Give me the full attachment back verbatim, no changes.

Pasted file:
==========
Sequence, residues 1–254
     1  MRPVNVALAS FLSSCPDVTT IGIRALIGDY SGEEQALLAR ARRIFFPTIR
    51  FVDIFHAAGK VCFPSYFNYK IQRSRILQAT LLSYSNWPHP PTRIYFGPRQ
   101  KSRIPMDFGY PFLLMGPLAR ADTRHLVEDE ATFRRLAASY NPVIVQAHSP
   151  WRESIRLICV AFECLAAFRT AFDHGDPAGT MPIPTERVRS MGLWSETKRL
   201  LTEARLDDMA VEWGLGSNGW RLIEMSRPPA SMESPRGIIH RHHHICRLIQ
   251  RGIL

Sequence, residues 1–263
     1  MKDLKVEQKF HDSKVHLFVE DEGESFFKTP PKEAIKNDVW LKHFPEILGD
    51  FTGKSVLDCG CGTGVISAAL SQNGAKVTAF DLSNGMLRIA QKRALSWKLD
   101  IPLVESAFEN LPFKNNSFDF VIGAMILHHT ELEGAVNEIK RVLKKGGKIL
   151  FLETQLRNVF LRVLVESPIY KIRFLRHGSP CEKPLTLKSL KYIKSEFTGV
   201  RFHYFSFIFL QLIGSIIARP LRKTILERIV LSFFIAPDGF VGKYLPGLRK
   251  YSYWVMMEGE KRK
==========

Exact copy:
Sequence, residues 1–254
     1  MRPVNVALAS FLSSCPDVTT IGIRALIGDY SGEEQALLAR ARRIFFPTIR
    51  FVDIFHAAGK VCFPSYFNYK IQRSRILQAT LLSYSNWPHP PTRIYFGPRQ
   101  KSRIPMDFGY PFLLMGPLAR ADTRHLVEDE ATFRRLAASY NPVIVQAHSP
   151  WRESIRLICV AFECLAAFRT AFDHGDPAGT MPIPTERVRS MGLWSETKRL
   201  LTEARLDDMA VEWGLGSNGW RLIEMSRPPA SMESPRGIIH RHHHICRLIQ
   251  RGIL

Sequence, residues 1–263
     1  MKDLKVEQKF HDSKVHLFVE DEGESFFKTP PKEAIKNDVW LKHFPEILGD
    51  FTGKSVLDCG CGTGVISAAL SQNGAKVTAF DLSNGMLRIA QKRALSWKLD
   101  IPLVESAFEN LPFKNNSFDF VIGAMILHHT ELEGAVNEIK RVLKKGGKIL
   151  FLETQLRNVF LRVLVESPIY KIRFLRHGSP CEKPLTLKSL KYIKSEFTGV
   201  RFHYFSFIFL QLIGSIIARP LRKTILERIV LSFFIAPDGF VGKYLPGLRK
   251  YSYWVMMEGE KRK